Here we are, less than two full months into 2014, and I already have more than a half dozen albums battling as my favourite of the year.
Rosanne Cash came out of the gate strong, but so did Suzy Bogguss. This month, Amy Black released the stellar "This is Home," Blue Highway delivered their typically outstanding style of bluegrass on "The Game", and Eric Brace and Karl Straub raised the bar with their gorgeous and astute "Hangtown Dancehall." Bruce Springsteen's set of odds & sods continues to impress (although Tom Morello's Atari-influenced noises grate me nerves) , Eliza Gilkyson's spectacular "The Nocturne Diaries" hasn't even been released yet, and I'm still waiting to hear BARK's "North."
What I'm trying to express is this: Wow!
There is so much great stuff to be heard, one has to be forgiven for not having heard all the wonderful roots, bluegrass, and Americana albums being released.
And now comes Tony Trischka out of the deep weeds with the very accessible and impressive "Great Big World." Sometimes- and this is my own darned fault- I push Tony Trischka a little 'over there.' The fact that my over-taxed brain sometimes confuses him with Tony Furtado is only part of the problem. Because I haven't listened to Trischka's music as frequently as I do more mainstream, traditional acoustic and bluegrass artists, I'm not as familiar with his approach and sound. As a result, he isn't at the fore of my thinking when I'm searching the shelves for something to quiet the voices in my head.
I'm going to have to do some serious reconsidering because "Great Big World" is a multi-dimensional, acoustic tour de force.
Joined by a long list of musical friends and similar-minded collaborators, Trischka follows up 2007's "Double Banjo Bluegrass Spectacular" (itself a darned impressive creation) and 2008's "Territory" (one I completely missed) with Great Big World, a creation that has immediately joined those previously mentioned albums as an early 2014 favourite.
There is no shortage of fresh and original music on "Great Big World," much of it straight-ahead bluegrass...depending on your definition of 'straight-ahead bluegrass.' Trischka loves to change things up regularly, adjusting tempos and moods at will- and sometimes repeatedly within individual songs.
Working with entrenched bluegrass talents such as Mike Compton (who sings and plays mandolin in a number of places) and Chris Eldridge (who handles much of the guitar work and also sings a little) allows Trischka to successfully root his music within the traditionally progressive sounds he appears to favour. Mike Barnett's fiddling is essential to the recording, and where he doesn't appear, the likes of Brittany Haas take over.
Eldridge, Michale Daves (who sings throughout the recording), Barnett, and Trischka, along with Sean Trischka on mandolin, come storming out of the gates with Say Goodbye (For KM) , a song whose emotional gravity is veiled by the joyfully blistering instrumental and vocal interplay. There is some incredible playing on this track, with Eldridge's guitar break especially appealing.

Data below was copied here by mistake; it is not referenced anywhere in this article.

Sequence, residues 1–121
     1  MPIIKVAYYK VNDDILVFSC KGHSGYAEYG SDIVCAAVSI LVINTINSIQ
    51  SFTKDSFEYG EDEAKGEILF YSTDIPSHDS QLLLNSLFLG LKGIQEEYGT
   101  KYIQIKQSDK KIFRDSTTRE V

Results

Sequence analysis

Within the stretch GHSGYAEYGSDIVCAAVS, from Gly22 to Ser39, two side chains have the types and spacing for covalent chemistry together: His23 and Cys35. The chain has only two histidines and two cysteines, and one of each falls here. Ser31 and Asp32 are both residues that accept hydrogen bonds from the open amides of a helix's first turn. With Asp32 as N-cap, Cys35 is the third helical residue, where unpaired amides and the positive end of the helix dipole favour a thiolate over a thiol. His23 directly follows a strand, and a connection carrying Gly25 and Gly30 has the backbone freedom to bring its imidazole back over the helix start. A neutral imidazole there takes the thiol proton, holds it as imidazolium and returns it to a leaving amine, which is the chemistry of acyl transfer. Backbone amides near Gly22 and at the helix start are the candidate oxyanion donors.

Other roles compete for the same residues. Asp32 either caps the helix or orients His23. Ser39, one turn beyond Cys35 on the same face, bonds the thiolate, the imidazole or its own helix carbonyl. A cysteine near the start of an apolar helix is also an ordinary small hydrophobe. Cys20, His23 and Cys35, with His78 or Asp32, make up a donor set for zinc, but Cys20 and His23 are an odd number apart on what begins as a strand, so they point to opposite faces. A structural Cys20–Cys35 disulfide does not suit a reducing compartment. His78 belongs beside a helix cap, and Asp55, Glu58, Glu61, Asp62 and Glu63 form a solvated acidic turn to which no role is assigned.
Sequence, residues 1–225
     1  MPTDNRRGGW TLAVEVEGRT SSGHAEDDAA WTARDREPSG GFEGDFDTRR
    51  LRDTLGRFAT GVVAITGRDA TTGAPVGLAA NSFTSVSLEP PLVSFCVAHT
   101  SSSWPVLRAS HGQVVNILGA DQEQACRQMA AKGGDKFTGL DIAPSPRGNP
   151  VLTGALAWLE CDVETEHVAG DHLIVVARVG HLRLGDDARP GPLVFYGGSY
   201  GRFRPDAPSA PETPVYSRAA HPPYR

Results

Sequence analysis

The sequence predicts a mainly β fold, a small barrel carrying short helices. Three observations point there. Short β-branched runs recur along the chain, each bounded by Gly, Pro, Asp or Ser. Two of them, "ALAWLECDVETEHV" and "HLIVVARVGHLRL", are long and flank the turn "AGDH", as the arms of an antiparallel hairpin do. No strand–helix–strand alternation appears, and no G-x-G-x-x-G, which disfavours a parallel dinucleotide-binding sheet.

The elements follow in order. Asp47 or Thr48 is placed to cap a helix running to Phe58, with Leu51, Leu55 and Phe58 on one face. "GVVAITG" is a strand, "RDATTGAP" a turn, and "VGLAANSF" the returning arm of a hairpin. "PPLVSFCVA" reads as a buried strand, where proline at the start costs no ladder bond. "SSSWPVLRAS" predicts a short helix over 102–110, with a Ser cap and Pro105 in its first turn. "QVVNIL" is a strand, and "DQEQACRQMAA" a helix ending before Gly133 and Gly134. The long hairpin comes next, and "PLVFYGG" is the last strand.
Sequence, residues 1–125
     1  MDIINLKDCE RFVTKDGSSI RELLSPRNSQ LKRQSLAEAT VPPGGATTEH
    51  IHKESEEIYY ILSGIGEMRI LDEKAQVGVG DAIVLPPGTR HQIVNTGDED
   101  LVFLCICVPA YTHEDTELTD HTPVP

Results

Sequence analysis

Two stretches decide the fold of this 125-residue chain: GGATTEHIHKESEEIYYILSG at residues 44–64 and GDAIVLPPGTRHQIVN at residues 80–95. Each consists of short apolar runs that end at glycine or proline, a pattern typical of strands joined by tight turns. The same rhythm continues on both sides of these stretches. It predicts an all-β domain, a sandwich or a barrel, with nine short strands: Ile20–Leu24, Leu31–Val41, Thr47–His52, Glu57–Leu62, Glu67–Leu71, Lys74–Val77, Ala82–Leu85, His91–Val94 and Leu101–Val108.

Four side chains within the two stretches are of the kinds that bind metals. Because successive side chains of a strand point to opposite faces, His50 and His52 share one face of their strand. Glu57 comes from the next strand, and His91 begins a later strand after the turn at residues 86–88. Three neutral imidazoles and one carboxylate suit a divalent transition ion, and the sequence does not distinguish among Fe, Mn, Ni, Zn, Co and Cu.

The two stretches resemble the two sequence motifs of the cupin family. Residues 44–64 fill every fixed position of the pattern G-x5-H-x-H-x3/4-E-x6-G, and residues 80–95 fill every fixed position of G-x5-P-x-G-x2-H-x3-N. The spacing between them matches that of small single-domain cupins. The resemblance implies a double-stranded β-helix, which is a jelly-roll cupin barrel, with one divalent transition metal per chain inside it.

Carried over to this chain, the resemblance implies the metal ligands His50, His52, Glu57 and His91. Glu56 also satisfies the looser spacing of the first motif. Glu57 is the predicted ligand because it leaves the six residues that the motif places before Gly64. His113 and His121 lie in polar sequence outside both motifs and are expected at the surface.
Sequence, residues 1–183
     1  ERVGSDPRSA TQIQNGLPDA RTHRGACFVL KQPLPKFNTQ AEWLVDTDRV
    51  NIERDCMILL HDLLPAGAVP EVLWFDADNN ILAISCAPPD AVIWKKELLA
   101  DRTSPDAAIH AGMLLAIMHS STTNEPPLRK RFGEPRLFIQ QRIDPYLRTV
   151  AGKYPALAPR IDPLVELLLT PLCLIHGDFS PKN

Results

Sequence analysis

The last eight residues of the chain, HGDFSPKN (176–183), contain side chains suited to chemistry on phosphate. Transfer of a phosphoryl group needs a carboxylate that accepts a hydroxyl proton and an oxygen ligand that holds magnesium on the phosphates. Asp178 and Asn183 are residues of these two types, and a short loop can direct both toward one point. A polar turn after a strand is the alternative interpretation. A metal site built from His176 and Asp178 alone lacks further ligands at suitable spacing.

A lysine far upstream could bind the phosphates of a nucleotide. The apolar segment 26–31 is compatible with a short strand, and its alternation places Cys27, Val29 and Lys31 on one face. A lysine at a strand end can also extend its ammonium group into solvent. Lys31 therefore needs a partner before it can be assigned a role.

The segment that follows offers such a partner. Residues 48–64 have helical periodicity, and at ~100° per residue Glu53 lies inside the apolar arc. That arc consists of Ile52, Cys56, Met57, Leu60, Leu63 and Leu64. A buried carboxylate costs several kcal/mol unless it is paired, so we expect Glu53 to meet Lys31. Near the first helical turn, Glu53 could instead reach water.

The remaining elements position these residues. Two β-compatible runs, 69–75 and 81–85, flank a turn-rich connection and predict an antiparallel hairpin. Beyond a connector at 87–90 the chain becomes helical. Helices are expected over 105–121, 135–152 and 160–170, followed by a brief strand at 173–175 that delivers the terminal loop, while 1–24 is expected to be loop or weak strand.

The majority of these songs are recent Trischka compositions, while other originals- such as fluid The Danny Thomas and parts of Single String Medley (a series of tunes each written and played on a different banjo string) have been waiting to be revealed.
Two banjo duets are featured. Steve Martin plays clawhammer style on Promontory Point while Noam Pikelny joins Trischka on Great Big World/Purple Trees of Colorado. Neither tune disappoints, with Daves' vocals on Purple Trees of Colorado adding bluegrass gravitas, grounding these ethereal moments.
Woody Guthrie's Do-Re Me and Stephan Foster's Angelina Baker- which features the supremely gifted Aoife O'Donovan singing with Daves- are the familiar standards included, while Johnny Bond's I Wonder Where You Are Tonight is also included, given a hardcore arrangement Trischka credits to Bill Monroe and Clyde Moody.
A song that is sure to get some attention is Wild Bill Hickok. Featuring a voiceover from actor John Goodman and vocals from Ramblin' Jack Elliot and Compton, this five-minute western epic explores a genre and structure at odds with the rest of the recording. Another outlier is Joy, a drum-heavy, fervent vocal showcase for Catherine Russell, while the closing Swag Bag Rag, featuring cello banjo, takes us back a hundred years or so. Their peculiarity harms not the album, and their very incongruity complements Great Big World's composition.
As I would have been with Pikelny's "Plays Kenny Baker Plays Bill Monroe," I would be completely out of my depth critiquing any element of Trischka's five-string work. He sounds damn good throughout!
Tony Trischka's knack for experimentation enlivens the entire album- one cannot help but be impressed by the quirky little turns particular songs take. At the same time, the album is cohesive; its eclecticentricities are all part of its considerable charm.
Tony Trischka has long been recognized as a modern 5-string banjo master and innovator. While I am not as familiar with his catalogue as I should be, "Great Big World" is destined to be an album to which I regularly return.